Saying what you do, and what you think
On Facebook yesterday I posted notification of a summer CE experience organised by Judit Szathmáry one of the range of such experiences offered annually around the world. I woke this morning to see that this posting had been shared and commented upon:
I did not know precisely what to say for the best about this, so I sat up and wrote the following (far from precise) blog posting anyway. Sorry that it is so 'personal', but that surely is one of the things that blogs are for.
Being involved with Conductive Education over the years has brought me many dilemmas, not uniquely I am sure. One of these has been on how much to say of what I think, and how best to say it.
Just how outright should one be when expressing what one thinks of the actions, practices, ideas, views of others, in and out of the field of Conductive Education? What is the ideal balance between the one hand transparency, openness, honest debate, and on the other being sensitive to the feelings of others and encouraging not discouraging them to make their contributions?
I certainly have had no wish to upset people for the sake of my personal contrarianism, anyone, and most certainly not people who have faced up to circumstances and achieved things such I could never myself manage.
Further, when I was responsible for an institution I was very aware that fundraisers and funders, and others, could be very unhappy with being involved in 'controversy'. So sometimes (too often) I held back.
For such reasons, and because I shy away from from conflict and confrontation (in other words I am a bit of a coward) I tended take the line of least resistance. In doing so, I do not think that I have always got the balance right for the longer-term benefit of the cause that I hope to serve. I do not always get it 'right' Some like it, saying that they are glad that someone has spoken out. Others do not and I look back on some unpleasant experiences. There is no right or wrong answer to such dilemmas. Every adult faces them, and children have to learn that they are part of life. There is often no simple right or wrong answer. You are damned if you do and damned if you don't.
Most who come into Conductive Education, as users or providers,most certainly do not wish or willing to be involved in conflict. They want to get on with what they are doing and achieve their personal goals for their own good and the good of others. Doing so they can meet some extraordinary barriers and display corresponding ingenuity and dedication. In such circumstances encouragement can help. Public scorn does not.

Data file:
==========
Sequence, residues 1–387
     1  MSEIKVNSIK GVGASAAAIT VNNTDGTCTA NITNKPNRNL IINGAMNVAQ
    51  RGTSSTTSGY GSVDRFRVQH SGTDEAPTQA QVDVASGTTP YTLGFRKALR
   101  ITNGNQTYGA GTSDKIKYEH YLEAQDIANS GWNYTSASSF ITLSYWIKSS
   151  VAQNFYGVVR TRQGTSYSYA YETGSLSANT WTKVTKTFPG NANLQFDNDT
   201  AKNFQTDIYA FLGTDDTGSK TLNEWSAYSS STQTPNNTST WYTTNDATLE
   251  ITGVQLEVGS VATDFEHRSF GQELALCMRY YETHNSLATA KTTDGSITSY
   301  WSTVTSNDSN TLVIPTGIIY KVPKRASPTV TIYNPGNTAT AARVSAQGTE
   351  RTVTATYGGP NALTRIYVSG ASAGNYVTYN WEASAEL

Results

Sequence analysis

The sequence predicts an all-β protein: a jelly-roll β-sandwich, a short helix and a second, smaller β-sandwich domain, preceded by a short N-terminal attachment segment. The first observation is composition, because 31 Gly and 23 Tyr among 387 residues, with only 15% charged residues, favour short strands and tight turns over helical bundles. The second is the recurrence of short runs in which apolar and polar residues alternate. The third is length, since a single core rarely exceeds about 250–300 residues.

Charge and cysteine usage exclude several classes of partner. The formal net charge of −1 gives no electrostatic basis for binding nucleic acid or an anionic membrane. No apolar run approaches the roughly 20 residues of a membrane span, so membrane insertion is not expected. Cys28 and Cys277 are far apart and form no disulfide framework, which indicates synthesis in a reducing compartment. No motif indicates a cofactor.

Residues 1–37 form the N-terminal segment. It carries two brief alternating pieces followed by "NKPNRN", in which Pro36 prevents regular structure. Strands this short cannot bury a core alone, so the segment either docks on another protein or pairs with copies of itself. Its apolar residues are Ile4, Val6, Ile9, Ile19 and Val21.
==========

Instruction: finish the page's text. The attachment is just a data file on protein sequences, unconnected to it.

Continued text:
Over the years I have tried to encourage people to innovate and to share what they have tried. Conductive Education around the world includes a huge well of creativity and imagination of potential benefit to all, not just in Conductive Education – as long as it can be shared without fear or other constraint. Mea culpa, I have done my time as a 'purist' about Conductive Education but the relevance and benefit of this stance depends wholly on what you are trying to achieve. Be as 'pure' as you wish, but be clear and explicit to yourself as much as others about what it is you are trying to say and to what end, recognising that others live their lives in different worlds and may wish and need to do things differently.
I once naively thought that new communication technology would free up the sharing initiatives, potential leads, possible ways forward, and by diversifying practice generate the context from which deeper theoretical understandings of Conductive Education could potentially be generated (and everyone knows what a desperate hole yawns in that department). Over the years, again and again I have seen the aversive responses that people can experience when they describe what they do or state their views, and heard how it has hurt them and pushed them out of the public domain.
Whatever their intended specific purposes of such aversive comments, their longer-term effect may be toxic, corrosive to the well-being and prospects of Conductive Education as a whole.
Precisely on this his issue, Mária Hári, not always the most tolerant soul, used to say:
There are many roads to Rome
One can be critical in a positive and friendly manner, enter into dialogue, 'agree to disagree', be a 'critical friend', and we can all of us learn better ways.